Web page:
I'm from Tunkhannock, the Dutch rub,
brownies and maple walnut ice cream.

From great grandfathers black with coal dust,
a great aunt (or cousin once removed?) in France,
Nicholson File, Lincoln Bank.

I am from thick, crumbling sepia photographs:
Is that Grandma? Who's he?
Did they really take a picture of her after she died?

I am from jumpy, faded, silent home movies:
Mom in polyester and cat-eye glasses
Dad in shorts and knee socks, trips I never knew I took.

I am from a scrapbook for each child and another for the whole family:
Combing through childhood photos to recall
that couch, those shorts, don't you still have that teddy bear?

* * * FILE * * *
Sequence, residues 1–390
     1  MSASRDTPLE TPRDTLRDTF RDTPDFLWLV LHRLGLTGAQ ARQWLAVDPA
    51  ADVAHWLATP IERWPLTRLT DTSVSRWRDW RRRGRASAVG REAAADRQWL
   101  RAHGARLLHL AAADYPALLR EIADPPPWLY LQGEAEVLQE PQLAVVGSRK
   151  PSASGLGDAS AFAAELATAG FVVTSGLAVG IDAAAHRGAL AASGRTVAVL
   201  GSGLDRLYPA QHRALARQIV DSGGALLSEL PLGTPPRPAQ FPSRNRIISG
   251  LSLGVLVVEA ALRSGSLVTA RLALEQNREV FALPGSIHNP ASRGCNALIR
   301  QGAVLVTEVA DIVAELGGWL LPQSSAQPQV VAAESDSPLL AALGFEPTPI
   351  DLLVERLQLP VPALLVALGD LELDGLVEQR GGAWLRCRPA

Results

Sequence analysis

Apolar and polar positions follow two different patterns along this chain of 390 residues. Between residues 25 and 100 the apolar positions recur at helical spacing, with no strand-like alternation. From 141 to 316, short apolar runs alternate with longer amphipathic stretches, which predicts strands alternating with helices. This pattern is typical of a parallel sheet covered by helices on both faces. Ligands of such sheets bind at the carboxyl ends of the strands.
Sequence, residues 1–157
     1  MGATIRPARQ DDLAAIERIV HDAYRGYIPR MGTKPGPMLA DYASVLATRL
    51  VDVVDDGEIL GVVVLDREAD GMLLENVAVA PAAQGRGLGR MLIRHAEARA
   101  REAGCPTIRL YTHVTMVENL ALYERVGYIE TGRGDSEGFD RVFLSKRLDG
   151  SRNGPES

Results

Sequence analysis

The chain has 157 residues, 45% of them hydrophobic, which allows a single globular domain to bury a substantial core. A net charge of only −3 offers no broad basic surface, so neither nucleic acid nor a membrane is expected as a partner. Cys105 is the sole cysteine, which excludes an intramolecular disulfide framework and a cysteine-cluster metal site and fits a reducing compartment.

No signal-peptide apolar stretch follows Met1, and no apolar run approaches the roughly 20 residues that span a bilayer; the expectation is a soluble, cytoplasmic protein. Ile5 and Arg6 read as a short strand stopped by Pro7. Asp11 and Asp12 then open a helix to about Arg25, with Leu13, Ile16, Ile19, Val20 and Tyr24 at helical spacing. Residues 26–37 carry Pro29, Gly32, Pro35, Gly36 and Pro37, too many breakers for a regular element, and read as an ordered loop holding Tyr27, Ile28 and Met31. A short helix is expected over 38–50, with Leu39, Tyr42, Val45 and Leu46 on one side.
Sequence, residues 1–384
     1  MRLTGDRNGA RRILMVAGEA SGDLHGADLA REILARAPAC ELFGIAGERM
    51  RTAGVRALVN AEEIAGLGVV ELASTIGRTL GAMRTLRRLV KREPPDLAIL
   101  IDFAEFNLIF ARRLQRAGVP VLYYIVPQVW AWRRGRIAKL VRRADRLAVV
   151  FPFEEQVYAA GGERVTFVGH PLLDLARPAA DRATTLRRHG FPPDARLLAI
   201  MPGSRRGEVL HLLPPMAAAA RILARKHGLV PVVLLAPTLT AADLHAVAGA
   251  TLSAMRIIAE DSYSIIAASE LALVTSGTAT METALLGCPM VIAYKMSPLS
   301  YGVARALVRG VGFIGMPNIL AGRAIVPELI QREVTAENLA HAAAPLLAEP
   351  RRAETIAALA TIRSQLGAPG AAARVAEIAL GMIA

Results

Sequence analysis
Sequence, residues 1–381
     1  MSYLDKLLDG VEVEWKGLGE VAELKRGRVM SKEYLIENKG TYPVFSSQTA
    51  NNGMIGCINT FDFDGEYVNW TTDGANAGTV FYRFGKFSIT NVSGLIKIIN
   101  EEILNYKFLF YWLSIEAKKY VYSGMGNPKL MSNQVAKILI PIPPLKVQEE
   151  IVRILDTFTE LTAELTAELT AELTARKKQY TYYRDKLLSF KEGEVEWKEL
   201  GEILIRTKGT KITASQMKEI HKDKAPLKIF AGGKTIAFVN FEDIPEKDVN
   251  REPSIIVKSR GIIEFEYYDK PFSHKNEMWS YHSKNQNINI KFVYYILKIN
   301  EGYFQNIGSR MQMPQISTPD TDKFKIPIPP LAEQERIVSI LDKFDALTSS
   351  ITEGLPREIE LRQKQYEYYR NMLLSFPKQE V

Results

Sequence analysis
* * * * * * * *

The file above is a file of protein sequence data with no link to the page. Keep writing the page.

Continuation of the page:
Scrapbook photos of a family reunion 30 years back, long-lost cousins.
Digital photos of another family reunion, cousins found.


Veronica Mitchell June 23, 2006 10:02 PM  

Thank you for the kind words. Your poem is lovely. I especially liked
"not before six o'clock" on Christmas morning.

Dad June 24, 2006 6:05 AM  

Boy, does that bring back memories for me!

Just last night Mom was wondering aloud something about "I wonder what the kids remember from their childhoods," or some such thing.

I'll be rereading this.

Thanks you.


mom June 24, 2006 6:40 AM  

How glad I am that you found that site! And that you shared both it and your memories in such a beautiful way.

Here is a short version that I wrote a few months ago as a warm-up exercise at a writing class - the instructions must have come from the same source.

Where I'm From

I'm from a coal-eating furnace in the cellar;
A folded-up rollaway bed in the living room;
And laundry pinned to dry in the attic.